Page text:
[Amath-seminars] Boeing Lecture by Robert Kohn

Bahman Angoshtari bahmang at uw.edu
Thu Oct 17 15:14:28 PDT 2019

Hello everyone,

Our next Boeing Colloquium will be delivered by Professor Robert Kohn (NYU

When: Thursday October 24th - 4:00pm
Where: Smith Hall 205

There will be a reception in the Lewis hall lounge after the talk.

Please find below the title and abstract of the lecture.

The Mathematics of Wrinkles and Folds

The wrinkling and folding of thin elastic sheets is very familiar: our
skin wrinkles; a crumpled sheet of paper has folds; and a flat sheet
stretched over a round surface must wrinkle or fold.

What kind of mathematics is relevant? The stable configurations of a sheet
are local minima of a variational problem involving its elastic energy --
which consists of a nonconvex membrane energy (favoring isometry) plus a
small coefficient times bending energy (penalizing curvature). The bending
term is a singular perturbation; its small coefficient is the sheet
thickness squared. The patterns and defects seen in thin sheets arise from
energy minimization -- but not in the same way that minimal surfaces arise
from area minimization. Rather, the analysis of wrinkles and folds
involves the asymptotic character of minimizers as the sheet thickness
tends to zero.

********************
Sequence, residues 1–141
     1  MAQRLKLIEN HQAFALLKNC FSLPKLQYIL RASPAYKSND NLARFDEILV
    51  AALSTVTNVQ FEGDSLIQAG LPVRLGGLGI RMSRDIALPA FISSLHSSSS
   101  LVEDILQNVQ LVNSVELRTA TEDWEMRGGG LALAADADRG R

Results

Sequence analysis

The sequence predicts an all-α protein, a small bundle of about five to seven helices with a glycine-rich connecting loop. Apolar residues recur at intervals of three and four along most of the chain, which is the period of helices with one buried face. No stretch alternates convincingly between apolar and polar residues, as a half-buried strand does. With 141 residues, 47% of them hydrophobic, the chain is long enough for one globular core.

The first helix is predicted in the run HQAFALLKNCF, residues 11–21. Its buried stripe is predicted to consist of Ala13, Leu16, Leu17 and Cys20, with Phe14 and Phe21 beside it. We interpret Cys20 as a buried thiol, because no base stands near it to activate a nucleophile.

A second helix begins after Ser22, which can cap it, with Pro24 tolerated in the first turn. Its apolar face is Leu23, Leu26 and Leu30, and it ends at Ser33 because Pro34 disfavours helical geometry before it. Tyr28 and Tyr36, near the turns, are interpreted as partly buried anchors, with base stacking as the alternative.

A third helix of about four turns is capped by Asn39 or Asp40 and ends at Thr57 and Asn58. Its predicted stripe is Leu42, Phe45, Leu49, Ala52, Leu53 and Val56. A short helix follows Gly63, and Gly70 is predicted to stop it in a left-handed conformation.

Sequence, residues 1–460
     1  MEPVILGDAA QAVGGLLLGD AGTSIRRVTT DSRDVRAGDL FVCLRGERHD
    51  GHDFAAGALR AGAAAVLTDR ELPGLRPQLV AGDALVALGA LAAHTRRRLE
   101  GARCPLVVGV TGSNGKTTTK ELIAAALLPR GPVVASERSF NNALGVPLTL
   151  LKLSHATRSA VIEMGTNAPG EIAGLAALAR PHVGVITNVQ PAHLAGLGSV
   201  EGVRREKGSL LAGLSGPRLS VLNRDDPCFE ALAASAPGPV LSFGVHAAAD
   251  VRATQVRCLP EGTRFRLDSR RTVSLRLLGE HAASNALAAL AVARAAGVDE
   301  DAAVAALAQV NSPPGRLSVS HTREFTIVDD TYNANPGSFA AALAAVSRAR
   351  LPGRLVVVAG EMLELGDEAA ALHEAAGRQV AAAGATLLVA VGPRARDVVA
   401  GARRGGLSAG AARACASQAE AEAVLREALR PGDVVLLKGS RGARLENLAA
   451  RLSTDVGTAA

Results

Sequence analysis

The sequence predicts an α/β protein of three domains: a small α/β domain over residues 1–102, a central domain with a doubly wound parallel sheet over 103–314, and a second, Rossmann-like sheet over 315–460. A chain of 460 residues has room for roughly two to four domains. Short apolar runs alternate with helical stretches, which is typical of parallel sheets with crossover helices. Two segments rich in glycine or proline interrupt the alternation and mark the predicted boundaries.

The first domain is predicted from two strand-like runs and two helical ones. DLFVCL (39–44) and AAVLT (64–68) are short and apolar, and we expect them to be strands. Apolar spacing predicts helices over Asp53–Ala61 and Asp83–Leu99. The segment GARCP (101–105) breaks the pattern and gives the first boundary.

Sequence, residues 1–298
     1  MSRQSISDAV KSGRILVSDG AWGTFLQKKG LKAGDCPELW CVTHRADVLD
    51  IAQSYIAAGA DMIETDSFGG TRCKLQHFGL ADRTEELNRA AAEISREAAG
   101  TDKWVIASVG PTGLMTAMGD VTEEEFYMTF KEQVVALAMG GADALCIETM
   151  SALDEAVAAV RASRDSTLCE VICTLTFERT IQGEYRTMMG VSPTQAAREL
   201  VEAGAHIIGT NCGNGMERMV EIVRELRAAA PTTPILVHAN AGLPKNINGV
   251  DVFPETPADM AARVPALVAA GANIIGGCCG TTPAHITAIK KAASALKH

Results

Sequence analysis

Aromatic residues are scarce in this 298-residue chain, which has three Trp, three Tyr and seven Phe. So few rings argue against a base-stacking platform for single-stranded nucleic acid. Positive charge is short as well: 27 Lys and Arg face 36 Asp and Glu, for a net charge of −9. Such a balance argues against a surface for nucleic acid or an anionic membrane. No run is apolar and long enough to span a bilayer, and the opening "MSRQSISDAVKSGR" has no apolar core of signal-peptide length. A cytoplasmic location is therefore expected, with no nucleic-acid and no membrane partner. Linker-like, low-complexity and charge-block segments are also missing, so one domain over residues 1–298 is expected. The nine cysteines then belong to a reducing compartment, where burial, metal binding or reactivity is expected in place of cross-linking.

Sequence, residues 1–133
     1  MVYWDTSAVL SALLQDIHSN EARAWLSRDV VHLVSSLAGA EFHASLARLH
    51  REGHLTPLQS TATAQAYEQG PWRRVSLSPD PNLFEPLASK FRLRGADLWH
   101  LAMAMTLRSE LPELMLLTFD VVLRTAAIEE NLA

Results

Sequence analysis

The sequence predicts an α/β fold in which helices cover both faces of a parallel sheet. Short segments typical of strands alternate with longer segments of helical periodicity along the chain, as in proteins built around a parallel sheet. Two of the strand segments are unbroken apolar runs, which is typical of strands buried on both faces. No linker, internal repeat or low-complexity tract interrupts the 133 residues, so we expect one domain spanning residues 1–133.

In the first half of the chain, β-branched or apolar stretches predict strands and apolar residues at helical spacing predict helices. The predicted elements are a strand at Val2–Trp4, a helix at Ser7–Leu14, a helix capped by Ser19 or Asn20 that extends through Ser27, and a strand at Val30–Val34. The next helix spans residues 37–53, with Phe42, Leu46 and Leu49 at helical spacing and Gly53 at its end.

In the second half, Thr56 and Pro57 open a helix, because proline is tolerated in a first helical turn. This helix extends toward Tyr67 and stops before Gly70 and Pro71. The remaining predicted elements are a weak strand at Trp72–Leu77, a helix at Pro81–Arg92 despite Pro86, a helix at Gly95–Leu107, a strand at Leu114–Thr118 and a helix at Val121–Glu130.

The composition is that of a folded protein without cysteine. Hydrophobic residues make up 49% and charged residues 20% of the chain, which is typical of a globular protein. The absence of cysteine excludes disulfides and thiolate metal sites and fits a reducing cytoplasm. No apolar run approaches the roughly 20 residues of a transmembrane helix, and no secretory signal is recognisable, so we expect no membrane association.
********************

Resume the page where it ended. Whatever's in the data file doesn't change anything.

What kind of methods are useful? It has been fruitful to focus on the
energy scaling law, in other words the dependence of the minimum energy
upon the thickness of the sheet. Optimizing within an ansatz gives an
upper bound. A key mathematical challenge is to obtain ansatz-free lower
bounds. When the lower and upper bounds are close to agreement they
demonstrate the adequacy of the ansatz, and the underlying arguments help
to explain why certain configurations are preferred.

A current frontier is the study of wrinkling due to geometric
incompatibility. Such wrinkling occurs, for example, when a flat sheet is
wrapped around a sphere or a curved shell is flattened by placing it on
water. My talk will include some problems of this type, including dramatic
recent progress by Ian Tobasco on wrinkling driven by geometric
incompatibility in a regime involving "asymptotic isometry."


Bahman Angoshtari

Research Associate
University of Washington, Department of Applied Mathematics
+1 (206) 543-4065
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